Keith A. Smith: The Postcards, 1965-Present
529 W 20th St, New York
March 9 - May 26, 2017
Bruce Silverstein is pleased to present Keith A. Smith: The Postcards, 1965-Present, the first exhibition dedicated to the artist’s hand-made cards created over the last five decades. Following Book by Book (2011), and The Fabric Works 1964 - 1980 (2015), this exhibition is the third presentation of this acclaimed artist’s work to be held at the gallery.
World-renowned for his innovative book making practice and lifelong interest in experimenting with new materials and processes, Smith has been thoughtfully creating these personalized cards as a way of remaining in touch ever since he was in school. These multi-layered works, rendered in small-scale are often created on postcard stock, using photographic negatives and prints, incorporating delicately-applied postage stamps and hand-sewn envelopes. Coming directly out of his archive, these intimate objects were meticulously crafted employing the various techniques used throughout Smith’s work–collage, hand coloring, and machine sewing. Many also revisit images from his prints, photographs and the pages of his books. Yet unlike the artist’s hand-bound books or works on fabric, these postcards were made as a special means of conveying and maintaining friendship. Sending such hand-made cards is his way of staying connected - through a few words and a picture, much as an e-mail today.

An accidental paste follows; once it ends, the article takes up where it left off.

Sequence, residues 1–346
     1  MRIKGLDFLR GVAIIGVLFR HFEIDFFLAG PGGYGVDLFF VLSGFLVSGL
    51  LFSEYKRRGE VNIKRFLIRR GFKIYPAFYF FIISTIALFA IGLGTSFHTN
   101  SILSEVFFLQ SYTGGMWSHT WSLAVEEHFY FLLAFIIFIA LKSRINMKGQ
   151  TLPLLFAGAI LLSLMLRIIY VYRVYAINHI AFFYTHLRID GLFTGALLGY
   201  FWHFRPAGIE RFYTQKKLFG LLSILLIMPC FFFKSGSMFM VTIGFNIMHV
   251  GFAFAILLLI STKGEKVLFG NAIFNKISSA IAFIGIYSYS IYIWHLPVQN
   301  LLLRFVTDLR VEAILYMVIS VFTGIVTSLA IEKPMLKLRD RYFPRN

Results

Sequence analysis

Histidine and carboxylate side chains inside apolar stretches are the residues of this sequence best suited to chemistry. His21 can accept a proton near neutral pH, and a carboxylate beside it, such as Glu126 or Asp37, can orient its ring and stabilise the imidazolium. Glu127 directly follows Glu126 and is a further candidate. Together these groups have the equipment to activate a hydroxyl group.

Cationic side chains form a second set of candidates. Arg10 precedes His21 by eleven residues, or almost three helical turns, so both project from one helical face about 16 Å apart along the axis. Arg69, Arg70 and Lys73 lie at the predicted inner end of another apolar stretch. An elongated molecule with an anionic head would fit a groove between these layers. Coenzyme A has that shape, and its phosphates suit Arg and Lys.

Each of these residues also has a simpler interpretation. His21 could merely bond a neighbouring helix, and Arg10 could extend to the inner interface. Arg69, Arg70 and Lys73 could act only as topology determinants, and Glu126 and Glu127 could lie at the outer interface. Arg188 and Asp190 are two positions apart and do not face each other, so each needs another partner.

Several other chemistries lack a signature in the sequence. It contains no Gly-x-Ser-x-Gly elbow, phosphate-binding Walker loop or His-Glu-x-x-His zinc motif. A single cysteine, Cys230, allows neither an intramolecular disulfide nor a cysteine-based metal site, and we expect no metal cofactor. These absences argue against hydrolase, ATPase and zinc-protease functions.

Since his days in university, Smith opted to make these postcards typically 5 x 7 inches, approximately the size of his own hand, as he saw them as a way of touching people.
"For over 50 years, I have made postcards of text, of pictures, and text with pictures. Traditional prints can say some things, books can speak through movement, and postcards have their unique abilities to reach people as well. I don’t think of any of these as “art” but as my voice."
- Keith A. Smith, 2017
Smith’s life-long pursuit of hand-crafting and sending his postcards out into the world shares a sensibility with the tradition of mail art exemplified by groundbreaking Pop artist Ray Johnson. Johnson championed mail art as a viable form of artistic expression, merging his identity with his community by producing and disseminating art through mail. With similar intent as Smith, Aaron Siskind was also known to send small mounted gelatin silver prints every holiday season to friends and family. While postcards may have become a lost form of communication for many in the digital age, for Smith, there is something quite special weaved through these precious pieces, something worth sharing and reflecting upon, several decades later.